Regional Pollution Caused by Diesel Vehicles in Oil Sands Operations

April 12, 2018 3784 users 0 Category: Air

The compound called isocyanic acid has well-known negative effects on human health. Some of the conditions linked to this pollutant are cataracts and heart diseases. Generally, isocyanic acid is believed to be caused by wildfire, cars, and cigarette smoke among others. Recent studies have shown that large amounts of this compound can also be produced by off-road diesel vehicles used in oil sands operations.

The research that led to this conclusion was conducted in Alberta, Canada and its main finding is that an increased level of isocyanic acid associated with these vehicles results in significant regional pollution.

The investigations carried out in this region were conducted by measuring the level of isocyanic acid in the air. The major sources of pollution that were taken into account during the study were the direct emissions caused by on-road diesel vehicles and burning biomass. The pollutants resulting from these vehicles have been compared with the findings of laboratory studies. The conclusion was that isocyanic acid compounds can be produced both by on-road vehicles and off-road diesel exhaust which causes chemical reactions once it is released into the air.

The most significant conclusion of this study is that these secondary emissions can be up to 4 times stronger than those caused by direct emissions. The largest impact can be seen in areas located downwind of places where there is an extensive use of off-road diesel.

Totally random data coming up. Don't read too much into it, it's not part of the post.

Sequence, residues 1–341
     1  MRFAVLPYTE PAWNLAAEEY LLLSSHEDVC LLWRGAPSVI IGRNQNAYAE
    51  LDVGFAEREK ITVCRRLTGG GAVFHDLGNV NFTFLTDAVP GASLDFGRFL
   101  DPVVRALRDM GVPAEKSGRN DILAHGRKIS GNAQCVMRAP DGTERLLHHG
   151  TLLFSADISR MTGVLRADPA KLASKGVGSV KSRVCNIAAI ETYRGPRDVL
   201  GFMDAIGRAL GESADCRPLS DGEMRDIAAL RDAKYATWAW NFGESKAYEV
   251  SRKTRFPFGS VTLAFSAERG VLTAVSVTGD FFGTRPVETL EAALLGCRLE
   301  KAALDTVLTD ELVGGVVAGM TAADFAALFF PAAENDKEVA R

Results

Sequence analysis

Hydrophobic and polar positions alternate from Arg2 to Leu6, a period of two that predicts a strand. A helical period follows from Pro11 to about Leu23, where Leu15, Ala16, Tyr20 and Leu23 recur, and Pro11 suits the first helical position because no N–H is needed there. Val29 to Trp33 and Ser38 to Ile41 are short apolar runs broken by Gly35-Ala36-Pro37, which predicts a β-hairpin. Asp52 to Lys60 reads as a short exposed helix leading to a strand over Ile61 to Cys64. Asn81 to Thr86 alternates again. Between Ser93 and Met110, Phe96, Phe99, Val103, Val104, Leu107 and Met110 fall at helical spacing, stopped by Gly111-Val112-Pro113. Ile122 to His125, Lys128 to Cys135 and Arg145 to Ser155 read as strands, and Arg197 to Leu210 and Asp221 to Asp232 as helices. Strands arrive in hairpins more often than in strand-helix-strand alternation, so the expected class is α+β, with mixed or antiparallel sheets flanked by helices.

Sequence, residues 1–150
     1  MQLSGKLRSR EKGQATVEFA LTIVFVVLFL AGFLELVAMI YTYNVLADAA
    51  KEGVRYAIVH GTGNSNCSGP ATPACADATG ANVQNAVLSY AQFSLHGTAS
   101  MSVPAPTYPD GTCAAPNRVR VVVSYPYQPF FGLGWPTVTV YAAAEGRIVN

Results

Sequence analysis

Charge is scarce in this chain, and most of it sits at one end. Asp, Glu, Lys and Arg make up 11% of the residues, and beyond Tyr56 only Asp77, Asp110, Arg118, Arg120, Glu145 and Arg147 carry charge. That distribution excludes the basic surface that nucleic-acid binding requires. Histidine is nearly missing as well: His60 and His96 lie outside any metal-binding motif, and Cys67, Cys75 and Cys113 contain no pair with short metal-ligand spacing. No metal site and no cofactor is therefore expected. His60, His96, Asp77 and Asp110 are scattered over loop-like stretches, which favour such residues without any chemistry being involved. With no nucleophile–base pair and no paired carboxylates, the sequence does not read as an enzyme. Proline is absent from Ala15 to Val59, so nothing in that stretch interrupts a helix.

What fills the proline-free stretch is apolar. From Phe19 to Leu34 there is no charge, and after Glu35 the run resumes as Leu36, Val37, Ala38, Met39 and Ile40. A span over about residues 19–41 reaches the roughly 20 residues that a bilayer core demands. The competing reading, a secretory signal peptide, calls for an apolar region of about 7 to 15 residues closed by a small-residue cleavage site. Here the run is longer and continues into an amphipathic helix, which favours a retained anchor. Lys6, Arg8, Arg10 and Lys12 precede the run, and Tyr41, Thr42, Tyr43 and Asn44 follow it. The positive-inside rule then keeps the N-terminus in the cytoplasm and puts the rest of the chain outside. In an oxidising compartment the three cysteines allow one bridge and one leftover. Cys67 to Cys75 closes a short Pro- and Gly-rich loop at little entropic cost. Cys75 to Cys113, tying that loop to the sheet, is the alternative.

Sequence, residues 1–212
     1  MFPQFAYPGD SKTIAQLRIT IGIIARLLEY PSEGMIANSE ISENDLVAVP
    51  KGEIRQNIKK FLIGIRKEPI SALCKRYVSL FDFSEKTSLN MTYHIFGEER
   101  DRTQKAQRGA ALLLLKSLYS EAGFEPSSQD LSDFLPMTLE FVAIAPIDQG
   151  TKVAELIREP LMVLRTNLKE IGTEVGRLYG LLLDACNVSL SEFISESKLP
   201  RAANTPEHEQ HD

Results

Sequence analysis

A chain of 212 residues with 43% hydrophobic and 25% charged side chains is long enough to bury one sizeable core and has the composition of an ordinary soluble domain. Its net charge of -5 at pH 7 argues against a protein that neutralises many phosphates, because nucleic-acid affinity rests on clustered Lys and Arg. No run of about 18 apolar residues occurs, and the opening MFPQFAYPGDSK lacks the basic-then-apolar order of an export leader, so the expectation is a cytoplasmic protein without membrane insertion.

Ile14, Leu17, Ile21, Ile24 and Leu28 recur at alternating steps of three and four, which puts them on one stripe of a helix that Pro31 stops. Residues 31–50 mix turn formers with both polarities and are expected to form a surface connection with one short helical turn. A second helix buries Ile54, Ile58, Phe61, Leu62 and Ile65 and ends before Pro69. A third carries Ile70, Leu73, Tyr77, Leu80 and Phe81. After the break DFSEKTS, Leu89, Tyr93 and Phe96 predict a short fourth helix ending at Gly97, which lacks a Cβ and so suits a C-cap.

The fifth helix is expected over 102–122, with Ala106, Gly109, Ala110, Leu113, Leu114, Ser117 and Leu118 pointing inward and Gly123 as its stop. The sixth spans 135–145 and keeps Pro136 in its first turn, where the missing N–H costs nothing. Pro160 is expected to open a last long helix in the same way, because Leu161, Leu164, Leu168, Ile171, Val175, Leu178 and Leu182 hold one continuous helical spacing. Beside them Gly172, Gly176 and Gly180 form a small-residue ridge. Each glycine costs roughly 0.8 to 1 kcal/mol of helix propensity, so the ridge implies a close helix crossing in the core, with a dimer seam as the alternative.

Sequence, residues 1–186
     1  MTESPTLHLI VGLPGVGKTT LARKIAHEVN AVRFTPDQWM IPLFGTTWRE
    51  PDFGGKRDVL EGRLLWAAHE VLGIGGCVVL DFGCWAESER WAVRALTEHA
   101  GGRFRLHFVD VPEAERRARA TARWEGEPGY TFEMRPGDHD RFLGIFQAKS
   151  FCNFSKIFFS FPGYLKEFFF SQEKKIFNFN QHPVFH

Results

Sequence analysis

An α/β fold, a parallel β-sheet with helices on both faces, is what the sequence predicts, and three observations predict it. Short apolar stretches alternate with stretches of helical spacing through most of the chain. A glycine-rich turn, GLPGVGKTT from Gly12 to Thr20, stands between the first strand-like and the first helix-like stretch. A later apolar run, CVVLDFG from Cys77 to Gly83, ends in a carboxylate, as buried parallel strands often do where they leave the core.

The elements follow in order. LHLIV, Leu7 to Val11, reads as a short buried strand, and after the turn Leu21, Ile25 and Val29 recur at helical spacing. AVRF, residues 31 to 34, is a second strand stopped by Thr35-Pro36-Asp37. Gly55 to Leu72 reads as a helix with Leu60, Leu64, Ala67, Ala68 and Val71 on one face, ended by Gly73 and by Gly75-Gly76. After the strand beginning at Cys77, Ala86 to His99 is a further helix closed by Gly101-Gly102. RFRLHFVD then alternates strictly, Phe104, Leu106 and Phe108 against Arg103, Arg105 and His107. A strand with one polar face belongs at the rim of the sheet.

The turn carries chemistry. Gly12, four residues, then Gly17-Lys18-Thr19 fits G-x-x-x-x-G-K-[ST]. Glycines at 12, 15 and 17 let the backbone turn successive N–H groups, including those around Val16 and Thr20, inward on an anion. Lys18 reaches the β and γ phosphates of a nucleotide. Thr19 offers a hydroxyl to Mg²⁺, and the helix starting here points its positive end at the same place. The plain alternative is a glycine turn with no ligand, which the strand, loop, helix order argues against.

The specialists who conducted the laboratory comparison aimed to see how well their simulation represents the pollution hazards of the real environment. Therefore, they took samples from the air in the Athabasca Oil Sands area located in Alberta and analyzed it. The choice of the location was carefully made; this is the third biggest oil reserve worldwide and off-road diesel vehicles are used extensively in order to transport the products. In fact, almost half of the oil that is produced here is transported using this type of vehicles. The analysis showed that:

  • each hour, off-road diesel vehicles led to the formation of approximately 6 kilograms of isocyanic acid
  • these vehicles exhaust added between 116 to 186 kilograms of this harmful compound per hour
  • the level of the secondary emissions can be up to 20 times higher than that of the primary emissions

Another important step of the study was analyzing the quality of the air in the area situated downwind of Athabasca Oil Sands to see how it is affected by the industrial operations.

In order to estimate this impact, the scientists focused on analyzing the air quality in Fort McMurray, a city located downwind of Athabasca. By using computer modeling, they were able to estimate that more than 50% of the isocyanic acid found in the air above this city is produced by the nearby oil sands operations.

The threshold level for this type of emissions is 1,000 parts per trillion, exceeding this limit poses health hazards. The average level of concentration measured in Fort McMurray was only 25 which is way below the maximum safety limit. However, the emissions released from the oil sands have the potential to increase this level to as much as 600 parts per trillion according to an order of magnitude.

In conclusion, the authors agreed that the impact of isocyanic acid emissions requires more study and the main focus of further investigations should be the sources that produce these compounds and their effects on human health.